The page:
– the challenge of securing quality childcare

I have had many people ask me how to go about finding childcare, what questions to ask, what type of care I would recommend…

I worked in most different capacities of early childhood, prior to having my first child. One thing that cemented my decision to stay home with my children is the challenge of finding the quality childcare.

There are basically three options of childcare to consider: licensed group childcare; home-based childcare (licensed and unlicensed); and in-home care (Nannies).

What age will your child(ren) be when they require care? Space is often limited for children under two years of age.

How many children do you require care for? Once you have 3 or more children in care, it is often more economical to consider hiring in-home care.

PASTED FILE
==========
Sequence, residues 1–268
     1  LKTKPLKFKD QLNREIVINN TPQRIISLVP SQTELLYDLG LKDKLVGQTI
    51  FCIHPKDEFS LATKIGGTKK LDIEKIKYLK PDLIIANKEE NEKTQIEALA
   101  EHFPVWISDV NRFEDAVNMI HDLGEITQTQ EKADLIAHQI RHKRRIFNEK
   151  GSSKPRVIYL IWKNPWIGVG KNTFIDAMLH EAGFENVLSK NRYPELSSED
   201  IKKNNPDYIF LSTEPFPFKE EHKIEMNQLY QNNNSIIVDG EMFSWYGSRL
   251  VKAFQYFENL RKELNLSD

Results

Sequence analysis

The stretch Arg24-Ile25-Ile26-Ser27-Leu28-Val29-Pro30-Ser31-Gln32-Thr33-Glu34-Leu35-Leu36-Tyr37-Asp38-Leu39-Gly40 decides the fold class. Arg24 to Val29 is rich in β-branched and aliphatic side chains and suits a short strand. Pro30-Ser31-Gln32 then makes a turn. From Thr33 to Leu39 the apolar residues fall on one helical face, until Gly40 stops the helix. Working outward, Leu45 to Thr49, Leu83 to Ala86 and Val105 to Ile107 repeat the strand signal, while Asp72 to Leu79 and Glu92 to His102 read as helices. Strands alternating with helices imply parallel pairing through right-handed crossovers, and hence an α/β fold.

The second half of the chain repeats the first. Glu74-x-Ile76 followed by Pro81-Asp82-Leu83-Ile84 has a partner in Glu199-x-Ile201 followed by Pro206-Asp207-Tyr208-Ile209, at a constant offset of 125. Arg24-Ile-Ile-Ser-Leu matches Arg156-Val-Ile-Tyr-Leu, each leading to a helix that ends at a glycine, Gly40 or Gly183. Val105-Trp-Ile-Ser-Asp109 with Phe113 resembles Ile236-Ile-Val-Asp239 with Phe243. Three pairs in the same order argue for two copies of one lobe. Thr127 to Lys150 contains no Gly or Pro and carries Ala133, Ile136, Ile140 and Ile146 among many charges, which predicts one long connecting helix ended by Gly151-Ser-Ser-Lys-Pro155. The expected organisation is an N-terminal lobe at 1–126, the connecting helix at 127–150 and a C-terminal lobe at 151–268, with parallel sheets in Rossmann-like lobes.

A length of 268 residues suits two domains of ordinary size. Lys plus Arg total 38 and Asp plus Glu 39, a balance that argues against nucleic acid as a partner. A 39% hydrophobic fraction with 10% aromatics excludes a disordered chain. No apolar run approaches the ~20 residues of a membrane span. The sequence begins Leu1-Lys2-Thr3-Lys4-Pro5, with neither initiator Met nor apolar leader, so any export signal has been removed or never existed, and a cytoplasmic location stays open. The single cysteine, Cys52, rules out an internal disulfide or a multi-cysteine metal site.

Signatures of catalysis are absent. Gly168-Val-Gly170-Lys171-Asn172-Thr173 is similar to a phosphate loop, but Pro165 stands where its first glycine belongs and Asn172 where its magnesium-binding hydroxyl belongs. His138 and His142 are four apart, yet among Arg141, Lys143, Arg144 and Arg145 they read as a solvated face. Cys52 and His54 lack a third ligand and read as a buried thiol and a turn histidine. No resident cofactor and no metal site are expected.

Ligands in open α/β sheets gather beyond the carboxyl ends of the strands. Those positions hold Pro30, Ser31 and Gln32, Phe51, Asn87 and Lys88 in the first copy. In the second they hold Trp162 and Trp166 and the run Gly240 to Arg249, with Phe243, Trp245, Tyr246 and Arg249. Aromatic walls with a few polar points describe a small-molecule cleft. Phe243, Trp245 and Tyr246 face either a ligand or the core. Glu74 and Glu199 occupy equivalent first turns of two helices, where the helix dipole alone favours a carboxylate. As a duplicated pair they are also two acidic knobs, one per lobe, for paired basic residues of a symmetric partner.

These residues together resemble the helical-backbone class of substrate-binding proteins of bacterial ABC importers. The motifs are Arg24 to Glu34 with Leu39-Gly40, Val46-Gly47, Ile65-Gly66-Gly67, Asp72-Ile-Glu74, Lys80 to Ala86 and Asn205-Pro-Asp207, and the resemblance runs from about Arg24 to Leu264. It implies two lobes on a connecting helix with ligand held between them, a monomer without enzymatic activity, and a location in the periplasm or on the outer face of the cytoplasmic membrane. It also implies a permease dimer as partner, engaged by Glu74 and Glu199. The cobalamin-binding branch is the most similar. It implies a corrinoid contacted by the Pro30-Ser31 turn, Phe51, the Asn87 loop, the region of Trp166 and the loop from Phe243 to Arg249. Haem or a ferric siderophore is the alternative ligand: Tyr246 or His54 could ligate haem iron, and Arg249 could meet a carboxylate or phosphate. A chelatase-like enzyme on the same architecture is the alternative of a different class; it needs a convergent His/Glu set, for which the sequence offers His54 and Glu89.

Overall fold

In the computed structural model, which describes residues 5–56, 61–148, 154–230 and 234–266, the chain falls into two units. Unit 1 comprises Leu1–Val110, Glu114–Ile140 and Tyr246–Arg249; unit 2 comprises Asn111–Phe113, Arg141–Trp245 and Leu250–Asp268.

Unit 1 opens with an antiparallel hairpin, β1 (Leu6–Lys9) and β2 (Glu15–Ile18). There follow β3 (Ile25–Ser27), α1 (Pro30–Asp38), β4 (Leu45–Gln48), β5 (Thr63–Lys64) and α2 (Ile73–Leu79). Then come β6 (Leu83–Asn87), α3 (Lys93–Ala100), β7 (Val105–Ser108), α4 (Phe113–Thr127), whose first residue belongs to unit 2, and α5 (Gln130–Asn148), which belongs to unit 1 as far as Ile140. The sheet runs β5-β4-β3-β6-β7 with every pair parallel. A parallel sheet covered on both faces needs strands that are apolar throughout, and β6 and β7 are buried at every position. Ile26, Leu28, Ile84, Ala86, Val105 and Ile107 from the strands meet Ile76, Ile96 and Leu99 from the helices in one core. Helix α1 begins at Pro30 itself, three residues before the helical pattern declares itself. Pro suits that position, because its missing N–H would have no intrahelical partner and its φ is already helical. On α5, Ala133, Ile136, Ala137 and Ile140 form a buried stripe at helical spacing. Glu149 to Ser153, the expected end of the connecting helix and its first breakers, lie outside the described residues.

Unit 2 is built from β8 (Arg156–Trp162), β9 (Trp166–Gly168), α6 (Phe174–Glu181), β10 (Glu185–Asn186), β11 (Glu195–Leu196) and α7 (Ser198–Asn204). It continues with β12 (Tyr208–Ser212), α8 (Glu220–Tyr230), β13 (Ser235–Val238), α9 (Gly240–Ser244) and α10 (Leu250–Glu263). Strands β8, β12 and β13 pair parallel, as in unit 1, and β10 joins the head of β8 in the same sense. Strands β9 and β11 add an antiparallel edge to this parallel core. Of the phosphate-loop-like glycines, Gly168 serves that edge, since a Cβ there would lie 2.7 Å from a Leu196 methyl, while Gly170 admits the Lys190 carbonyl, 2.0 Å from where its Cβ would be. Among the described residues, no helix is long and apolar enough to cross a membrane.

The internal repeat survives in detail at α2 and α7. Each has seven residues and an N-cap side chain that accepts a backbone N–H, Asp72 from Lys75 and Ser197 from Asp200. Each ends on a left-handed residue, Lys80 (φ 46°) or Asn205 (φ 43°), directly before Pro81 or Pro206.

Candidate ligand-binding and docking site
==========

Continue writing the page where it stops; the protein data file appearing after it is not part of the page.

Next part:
Do you require ‘full-time’care (typically Monday to Friday, 7am to 5pm)? Any flexibility required will affect availability of childcare space.

What are your children’s temperaments? Will they thrive in a large group of same-age children? Do they require an intimate, mixed age-group setting? Are they flexible and able to adapt to new routine easily? Do they need their familiar environment and routine to cope well?

Once you have determined the type of care that works best for your family, how do you secure and maintain quality childcare? There are some obvious and some subtle things/questions to help you determine if the care you are considering is quality – you can visit and for some suggestions.

The bottom-line is that licensing does not equate quality. While it should give you piece of mind that a centre or caregiver has met the minimum standards set by licensing, it is ultimately up to the parents to monitor quality of care. I am a huge advocate for childcare licensing, however it is my opinion that the standard set by licensing is 1) difficult to enforce, and 2) a minimum standard that any quality childcare centre should strive to not only meet, but to exceed.